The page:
Woodson always makes me feel nostalgic for my own childhood and teen years in 1970s NYC. This book is an ode to girlhood, to hanging out with your best friends, to roaming the neighborhood and the parks because it was still mostly safe, discovering boys, and the music that made the 70s.
Recommended.
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LibraryThing member nbmars
This moving, lyrical novel tells the story of August, who moved to Brooklyn from Tennessee in 1973 at age 8 with her 4-year-old brother and their father. Woodson employs dream-like free verse to conjure up an era punctuated by conflicts in class, race, and gender, PTSD from the Vietnam War,
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depression, suicide, and black empowerment. Yet at no time does one get the impression that the author is packing her book with “issues” to be relevant. Rather, it seems like a strikingly real portrait, albeit filtered through the gauzy veil of poetic language. The beauty of the words softens the harshness of their meaning, and the brevity of the stanzas lends a snapshot effect to the prose. It is as if we are looking at a picture album of times gone by.

In the story, August, now in her thirties, has returned to Brooklyn for her father’s funeral, and is thinking back on her coming of age in Brooklyn, when she made a group of close friends and confronted the truths about her life and theirs she had been reluctant to face.

She tells us how she made friends with Sylvia, Angela, and Gigi:

“. . . as we stood half circle in the bright school yard, we saw the lost and beautiful and hungry in each of us. We saw home.”

They grew up, reached puberty, and for a while they straddled the two worlds of girlhood and being adults:

“When we weren’t practicing walking in Gigi’s mother’s shoes, we were little girls in Mary Janes and lace-up sneakers.”

But when they turned thirteen, August recalled:

"It seemed wherever we were, there were hands and tongues. There were sloe-eyes and licked lips. Wherever our new breasts and lengthening thighs moved."

When the girls were alone, they folded their arms across their breasts, “praying for invisibility.”

The changes in the girls unfolded against a backdrop of changes in Brooklyn, with more and more white people leaving, and mistrust between the races increasing.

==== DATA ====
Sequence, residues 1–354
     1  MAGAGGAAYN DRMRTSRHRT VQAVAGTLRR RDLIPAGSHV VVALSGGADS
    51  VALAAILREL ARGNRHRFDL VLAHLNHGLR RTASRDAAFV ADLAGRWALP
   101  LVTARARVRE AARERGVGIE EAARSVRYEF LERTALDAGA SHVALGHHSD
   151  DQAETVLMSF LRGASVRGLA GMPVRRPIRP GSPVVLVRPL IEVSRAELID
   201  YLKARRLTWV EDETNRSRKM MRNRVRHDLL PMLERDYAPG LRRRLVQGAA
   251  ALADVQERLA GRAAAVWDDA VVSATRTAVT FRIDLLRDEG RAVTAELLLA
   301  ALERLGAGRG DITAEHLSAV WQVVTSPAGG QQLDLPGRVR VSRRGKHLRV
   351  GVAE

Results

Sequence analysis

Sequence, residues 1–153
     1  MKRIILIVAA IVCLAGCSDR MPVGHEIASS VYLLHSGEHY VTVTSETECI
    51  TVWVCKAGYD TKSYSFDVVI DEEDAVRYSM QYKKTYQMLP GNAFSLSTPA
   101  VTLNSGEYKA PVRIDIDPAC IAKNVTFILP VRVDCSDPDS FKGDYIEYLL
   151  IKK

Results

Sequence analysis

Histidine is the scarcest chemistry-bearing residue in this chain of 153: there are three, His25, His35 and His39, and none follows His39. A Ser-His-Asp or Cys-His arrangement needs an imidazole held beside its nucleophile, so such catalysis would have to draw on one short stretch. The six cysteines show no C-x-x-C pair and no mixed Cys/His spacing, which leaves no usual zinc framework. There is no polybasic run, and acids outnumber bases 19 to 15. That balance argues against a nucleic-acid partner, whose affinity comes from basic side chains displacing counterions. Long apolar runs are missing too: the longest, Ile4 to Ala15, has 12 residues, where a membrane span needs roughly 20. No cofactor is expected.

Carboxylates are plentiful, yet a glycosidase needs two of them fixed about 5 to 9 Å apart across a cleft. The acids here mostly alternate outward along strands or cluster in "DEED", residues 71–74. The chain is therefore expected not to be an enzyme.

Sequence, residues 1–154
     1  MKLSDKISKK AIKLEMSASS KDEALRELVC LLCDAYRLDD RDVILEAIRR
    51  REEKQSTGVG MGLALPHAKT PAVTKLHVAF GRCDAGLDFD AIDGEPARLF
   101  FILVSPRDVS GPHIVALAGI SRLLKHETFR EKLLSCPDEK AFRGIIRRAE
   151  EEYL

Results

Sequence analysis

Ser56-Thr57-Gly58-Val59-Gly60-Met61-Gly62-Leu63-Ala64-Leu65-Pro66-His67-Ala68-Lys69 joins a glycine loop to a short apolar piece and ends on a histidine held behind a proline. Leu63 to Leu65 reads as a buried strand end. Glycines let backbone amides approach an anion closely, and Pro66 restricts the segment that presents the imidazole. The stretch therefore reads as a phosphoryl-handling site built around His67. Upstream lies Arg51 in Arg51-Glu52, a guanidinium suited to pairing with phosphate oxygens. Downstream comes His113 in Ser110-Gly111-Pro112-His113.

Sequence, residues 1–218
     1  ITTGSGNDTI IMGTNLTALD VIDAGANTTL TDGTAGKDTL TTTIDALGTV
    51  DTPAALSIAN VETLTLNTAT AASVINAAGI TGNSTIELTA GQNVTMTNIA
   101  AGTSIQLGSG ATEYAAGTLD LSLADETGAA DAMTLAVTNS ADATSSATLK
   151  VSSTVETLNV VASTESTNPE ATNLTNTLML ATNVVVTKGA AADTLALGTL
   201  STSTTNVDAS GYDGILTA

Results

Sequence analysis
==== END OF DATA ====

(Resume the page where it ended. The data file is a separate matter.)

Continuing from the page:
How well Woodson captures the general mood of the times, recalling that “[t]hat year, every song was telling some part of our story.” This was of course a sentiment shared by all the races, one that still persists and helps makes each generation so attached to the music of its own time. And it suggests one of the themes running through the story: "At some point, all of this, everything and everyone, became memory."

Evaluation: No one familiar with the work of Jacqueline Woodson will be surprised at the virtuosity of her writing and her storytelling technique. For anyone who wants to know what it was like in the 1970’s, and how much has both changed and not changed in tensions between races and genders, this short book is an excellent introduction. As a poignant story of the families we have and the families we create, it is just lovely. And as a reconciliation of the past, and remembrance, it offers insight and understanding. As August muses, “I know now that what is tragic isn’t the moment. It is the memory.”
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LibraryThing member voracious
This is a short but beautifully written novel about a pre-teen girl and her younger brother growing up in the 1970's in Brooklyn, after leaving their mentally ill mother behind in Tennessee. As a newcomer to the inner city, August and her brother are overwhelmed by their new life and surroundings.